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Q&A with Senior Vice President of People Whitney Harper

Whitney Harper is the Senior Vice President of People at Extra Space Storage, a role that she says she’s thrilled to be taking on. Harper joined the self storage organization in January 2021 and will be focusing on supporting the company’s workforce so that they can perform their best day in and day out.

Headshot of Whitney Harper, Extra Space Storage Senior Vice President of People

In the following Q&A, Harper shares more about her career, including the most challenging aspect of her work and the experiences she’s most proud of.

Q: How did your career path lead you to Extra Space Storage?

A: I studied hospitality management in college. I’ve always loved to cook, eat, and travel. After my undergraduate studies, I started working at the Ritz-Carlton in Singapore. Eventually, the General Manager approached me with a new opportunity. He thought I would be a good fit as the Training and Organizational Effectiveness Director. I hadn’t worked in Human Resources before but quickly found a deep passion for helping others grow and excel in their careers.

After a few additional career stops, I joined a hospitality consulting firm, HVS, as their head of Human Resources. I built out the human resource functions across 35 offices worldwide and participated on their board of directors. During my tenure at HVS, I had the good fortune of being the internal partner to an external consulting firm for an enterprise-wide strategy project. My next career stop was joining that consulting firm, Navalent, where I worked with various clients, including global Fortune 500 companies, high-growth startups, nonprofits, and venture capital firms. During my consulting years, I gained a much broader understanding of how organizations function, develop their leaders, and implement strategies. Although I’ve had a winding career path that has taken me across multiple continents, the common thread has always been helping individuals and organizations thrive.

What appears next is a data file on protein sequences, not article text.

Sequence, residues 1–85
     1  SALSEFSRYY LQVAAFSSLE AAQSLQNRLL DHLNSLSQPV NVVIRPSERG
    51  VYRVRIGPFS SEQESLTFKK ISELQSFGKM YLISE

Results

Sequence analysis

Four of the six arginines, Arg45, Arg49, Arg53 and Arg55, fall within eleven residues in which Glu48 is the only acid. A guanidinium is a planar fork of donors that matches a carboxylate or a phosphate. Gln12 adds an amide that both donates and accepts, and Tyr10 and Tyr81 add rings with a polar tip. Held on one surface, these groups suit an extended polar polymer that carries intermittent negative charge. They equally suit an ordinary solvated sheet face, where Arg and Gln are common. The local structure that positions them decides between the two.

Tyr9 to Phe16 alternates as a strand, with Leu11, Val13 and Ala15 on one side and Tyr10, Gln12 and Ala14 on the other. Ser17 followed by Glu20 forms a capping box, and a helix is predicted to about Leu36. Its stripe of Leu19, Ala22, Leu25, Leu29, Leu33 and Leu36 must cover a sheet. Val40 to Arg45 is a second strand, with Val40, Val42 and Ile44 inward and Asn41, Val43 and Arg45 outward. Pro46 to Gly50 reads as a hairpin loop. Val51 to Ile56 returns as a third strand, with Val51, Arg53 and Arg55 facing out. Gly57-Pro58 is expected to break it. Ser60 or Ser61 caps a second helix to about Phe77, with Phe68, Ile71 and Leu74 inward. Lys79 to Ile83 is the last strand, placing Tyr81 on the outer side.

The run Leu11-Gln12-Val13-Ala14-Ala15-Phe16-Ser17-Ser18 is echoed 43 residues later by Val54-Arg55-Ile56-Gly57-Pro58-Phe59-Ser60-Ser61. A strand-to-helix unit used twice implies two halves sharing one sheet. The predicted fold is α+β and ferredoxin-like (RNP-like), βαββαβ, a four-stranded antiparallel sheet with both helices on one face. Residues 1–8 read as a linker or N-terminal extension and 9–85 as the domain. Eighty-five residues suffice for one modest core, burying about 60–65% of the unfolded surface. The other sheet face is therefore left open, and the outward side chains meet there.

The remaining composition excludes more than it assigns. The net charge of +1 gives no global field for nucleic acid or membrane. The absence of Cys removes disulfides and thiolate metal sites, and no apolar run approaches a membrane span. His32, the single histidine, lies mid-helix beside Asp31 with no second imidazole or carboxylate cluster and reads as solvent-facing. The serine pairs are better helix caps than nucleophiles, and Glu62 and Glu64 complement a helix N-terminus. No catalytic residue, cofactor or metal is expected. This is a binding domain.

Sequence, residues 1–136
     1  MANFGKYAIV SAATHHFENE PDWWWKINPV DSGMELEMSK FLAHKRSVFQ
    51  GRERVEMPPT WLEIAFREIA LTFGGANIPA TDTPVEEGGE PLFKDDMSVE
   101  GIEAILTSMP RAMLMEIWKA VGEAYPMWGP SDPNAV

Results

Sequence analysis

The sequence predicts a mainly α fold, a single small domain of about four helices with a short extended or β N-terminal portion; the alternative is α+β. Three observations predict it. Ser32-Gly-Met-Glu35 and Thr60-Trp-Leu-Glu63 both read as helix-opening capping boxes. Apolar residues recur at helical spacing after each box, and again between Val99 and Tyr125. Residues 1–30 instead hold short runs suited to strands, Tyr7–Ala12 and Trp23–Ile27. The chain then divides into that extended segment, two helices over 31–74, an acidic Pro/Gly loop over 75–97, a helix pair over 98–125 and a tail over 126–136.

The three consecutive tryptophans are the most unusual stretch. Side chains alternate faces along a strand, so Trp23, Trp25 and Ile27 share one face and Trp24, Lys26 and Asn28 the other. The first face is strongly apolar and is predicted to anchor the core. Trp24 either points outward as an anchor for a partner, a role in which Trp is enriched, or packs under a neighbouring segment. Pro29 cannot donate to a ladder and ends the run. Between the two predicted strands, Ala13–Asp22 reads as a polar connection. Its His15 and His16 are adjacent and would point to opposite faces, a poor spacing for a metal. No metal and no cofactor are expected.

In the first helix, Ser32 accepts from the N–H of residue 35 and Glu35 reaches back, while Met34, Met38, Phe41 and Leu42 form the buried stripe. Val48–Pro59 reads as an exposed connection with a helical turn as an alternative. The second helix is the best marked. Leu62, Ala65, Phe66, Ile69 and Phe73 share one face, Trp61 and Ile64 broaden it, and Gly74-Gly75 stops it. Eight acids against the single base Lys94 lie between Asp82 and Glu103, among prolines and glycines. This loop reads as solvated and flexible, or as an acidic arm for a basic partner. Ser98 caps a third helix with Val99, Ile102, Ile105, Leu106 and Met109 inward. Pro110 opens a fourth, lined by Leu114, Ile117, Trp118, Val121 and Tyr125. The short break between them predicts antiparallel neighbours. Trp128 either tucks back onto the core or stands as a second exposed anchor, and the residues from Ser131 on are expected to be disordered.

In 2019, we moved to Salt Lake City. When the opportunity at Extra Space Storage came across my radar, I was immediately intrigued. The more I learned about the organization, the more I wanted to be part of its future and see how I might contribute to building upon the incredible legacy this company has created.

Q: Which experience(s) in your career influenced who you are today?

A: My first job out of college was in hospitality services at the Athlete’s Village for the Olympic and Paralympic Games in Athens, Greece. The Athlete’s Village is where most Olympic athletes stay during the games. Within the village, there was a cafeteria where the athletes came to eat, but it was also where they would connect and celebrate with each other. I would see athletes hugging each other when they proudly walked in, wearing their gold, silver, or bronze medals around their necks. They would recognize in awe the strengths and talents of each other, asking each other for autographs, and showing up after the closing ceremonies in togas dancing on the tables together in a joyous celebration of the incredible experience of being at the Olympics. Seeing representatives from around the globe who were each at their peak performance celebrating what was unique about their talents was awe-inspiring and also gave me my first glimpse of what a truly diverse and inclusive environment felt like.